Big Trouble or Little Evils: The ideological struggle over the concept of harm

Stephen Hall, Simon Winlow

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    This chapter builds upon the authors’ previous work, which suggests that there has never been a ‘civilizing process’ across the course of modernity but an economically functional conversion of harms from physical brutality to socio-symbolic aggression. Although harm is integrated into the system’s generative core it appears as morbid symptoms during dysfunctional intervallic periods. The subject’s acceptance of core harms and their various manifestations can be best explained in a theoretical framework of transcendental materialism, with a focus on the process of deaptation, which proliferates harms as morbid symptoms appearing in the tension between a changing real world and ossified ideologies. Capitalism can be best explained as a process of managed deaptation, which constantly puts us at risk of the continuation and unpredictable mutation of a broad spectrum of harms. The criminalization of harms is maintained in a state of imbalance by the catastrophizing negative ideology of capitalist realism, which compels us to legitimize the existing spectrum of harms by constantly warning us of the far greater harms we would risk should we instigate a process of transformation. Given star billing in an endless cautionary tale, potential transformative harms are condemned as absolute, intolerable and inevitable while the system’s everyday morbid harms are excused as relative, tolerable and contingent. This dominant ideology operates at the core of the criminalization process, legitimizing negative rights and compelling us to regard specific types of crime as the ‘price of freedom’ while downplaying the harms they cause.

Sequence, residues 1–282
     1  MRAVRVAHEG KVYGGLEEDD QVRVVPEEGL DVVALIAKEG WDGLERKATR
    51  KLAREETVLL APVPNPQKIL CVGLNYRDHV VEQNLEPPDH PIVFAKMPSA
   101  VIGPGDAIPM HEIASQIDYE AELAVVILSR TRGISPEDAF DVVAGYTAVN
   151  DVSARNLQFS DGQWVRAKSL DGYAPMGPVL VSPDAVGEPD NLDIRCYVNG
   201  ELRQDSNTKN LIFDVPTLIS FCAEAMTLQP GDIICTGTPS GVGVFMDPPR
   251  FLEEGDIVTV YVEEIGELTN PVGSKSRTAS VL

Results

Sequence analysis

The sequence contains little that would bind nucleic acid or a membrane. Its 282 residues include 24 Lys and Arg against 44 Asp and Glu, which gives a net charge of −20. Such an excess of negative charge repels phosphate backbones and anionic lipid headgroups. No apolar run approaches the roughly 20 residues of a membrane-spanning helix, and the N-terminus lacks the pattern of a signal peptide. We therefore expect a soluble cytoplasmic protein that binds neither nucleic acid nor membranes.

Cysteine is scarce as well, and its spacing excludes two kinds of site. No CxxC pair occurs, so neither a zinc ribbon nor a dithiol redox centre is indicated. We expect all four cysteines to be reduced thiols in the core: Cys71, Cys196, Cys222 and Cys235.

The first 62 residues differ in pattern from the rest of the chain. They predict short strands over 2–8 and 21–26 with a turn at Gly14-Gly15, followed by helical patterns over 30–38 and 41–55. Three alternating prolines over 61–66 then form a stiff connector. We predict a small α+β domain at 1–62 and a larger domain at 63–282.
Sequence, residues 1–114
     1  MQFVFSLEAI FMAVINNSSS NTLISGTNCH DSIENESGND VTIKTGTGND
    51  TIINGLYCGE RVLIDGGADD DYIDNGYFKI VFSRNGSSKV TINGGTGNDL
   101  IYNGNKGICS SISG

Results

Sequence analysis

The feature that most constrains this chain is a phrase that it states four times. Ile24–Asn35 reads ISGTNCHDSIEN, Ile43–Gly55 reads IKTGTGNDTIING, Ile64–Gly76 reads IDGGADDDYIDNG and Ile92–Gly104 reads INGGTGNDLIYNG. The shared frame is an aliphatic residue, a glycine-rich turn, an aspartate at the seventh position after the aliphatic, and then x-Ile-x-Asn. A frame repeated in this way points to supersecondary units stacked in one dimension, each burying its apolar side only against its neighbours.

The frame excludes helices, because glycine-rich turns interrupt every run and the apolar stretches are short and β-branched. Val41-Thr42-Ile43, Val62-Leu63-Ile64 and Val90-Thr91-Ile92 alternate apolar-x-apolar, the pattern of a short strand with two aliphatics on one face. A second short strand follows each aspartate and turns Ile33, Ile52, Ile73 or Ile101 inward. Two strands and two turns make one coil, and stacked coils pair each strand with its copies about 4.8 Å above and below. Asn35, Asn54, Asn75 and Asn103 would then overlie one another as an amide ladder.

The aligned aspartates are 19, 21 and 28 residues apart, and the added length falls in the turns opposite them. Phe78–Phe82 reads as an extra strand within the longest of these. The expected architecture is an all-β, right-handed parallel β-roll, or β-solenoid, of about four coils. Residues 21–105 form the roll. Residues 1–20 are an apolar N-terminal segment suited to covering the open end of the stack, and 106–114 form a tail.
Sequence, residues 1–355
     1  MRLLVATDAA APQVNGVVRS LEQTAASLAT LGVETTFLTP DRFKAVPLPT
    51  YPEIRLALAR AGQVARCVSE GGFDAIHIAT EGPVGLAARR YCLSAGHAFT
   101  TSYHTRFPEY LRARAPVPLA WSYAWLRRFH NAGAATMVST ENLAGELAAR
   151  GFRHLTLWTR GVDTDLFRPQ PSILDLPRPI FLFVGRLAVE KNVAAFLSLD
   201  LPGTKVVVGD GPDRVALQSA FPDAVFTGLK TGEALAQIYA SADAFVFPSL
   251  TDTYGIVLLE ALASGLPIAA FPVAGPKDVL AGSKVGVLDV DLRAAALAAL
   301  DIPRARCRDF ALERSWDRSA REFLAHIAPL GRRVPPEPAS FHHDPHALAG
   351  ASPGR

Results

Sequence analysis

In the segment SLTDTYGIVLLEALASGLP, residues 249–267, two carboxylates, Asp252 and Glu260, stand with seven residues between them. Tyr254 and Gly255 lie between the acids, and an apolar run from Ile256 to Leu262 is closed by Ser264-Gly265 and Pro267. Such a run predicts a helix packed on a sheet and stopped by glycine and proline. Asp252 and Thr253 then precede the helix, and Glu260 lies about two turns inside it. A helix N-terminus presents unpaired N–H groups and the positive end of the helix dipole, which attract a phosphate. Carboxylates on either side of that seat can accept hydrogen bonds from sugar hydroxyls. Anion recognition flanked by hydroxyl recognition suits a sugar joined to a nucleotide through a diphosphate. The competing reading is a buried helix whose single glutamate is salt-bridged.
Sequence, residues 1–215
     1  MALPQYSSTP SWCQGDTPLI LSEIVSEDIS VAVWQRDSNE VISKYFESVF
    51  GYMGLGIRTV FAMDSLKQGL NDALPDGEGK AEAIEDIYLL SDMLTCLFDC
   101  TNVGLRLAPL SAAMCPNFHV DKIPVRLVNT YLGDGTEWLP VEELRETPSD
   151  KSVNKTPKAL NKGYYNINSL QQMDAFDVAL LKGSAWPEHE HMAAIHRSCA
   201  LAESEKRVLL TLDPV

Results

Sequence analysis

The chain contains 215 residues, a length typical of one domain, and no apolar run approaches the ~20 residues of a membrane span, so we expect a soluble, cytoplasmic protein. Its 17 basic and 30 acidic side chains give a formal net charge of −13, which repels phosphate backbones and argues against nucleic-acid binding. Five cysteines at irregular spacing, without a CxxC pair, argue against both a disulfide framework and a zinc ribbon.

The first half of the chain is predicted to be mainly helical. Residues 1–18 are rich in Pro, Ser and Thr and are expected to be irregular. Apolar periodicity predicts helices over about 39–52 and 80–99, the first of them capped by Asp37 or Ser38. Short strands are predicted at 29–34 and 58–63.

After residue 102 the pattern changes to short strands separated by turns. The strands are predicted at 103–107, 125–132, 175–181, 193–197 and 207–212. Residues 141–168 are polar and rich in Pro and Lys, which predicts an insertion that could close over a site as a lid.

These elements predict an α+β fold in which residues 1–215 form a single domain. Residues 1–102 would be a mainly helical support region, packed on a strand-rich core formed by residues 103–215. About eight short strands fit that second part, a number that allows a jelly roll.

Original languageEnglish
    Title of host publicationZemiology: reconnecting crime and social harm
    Number of pages0
    Publication statusPublished - 2017


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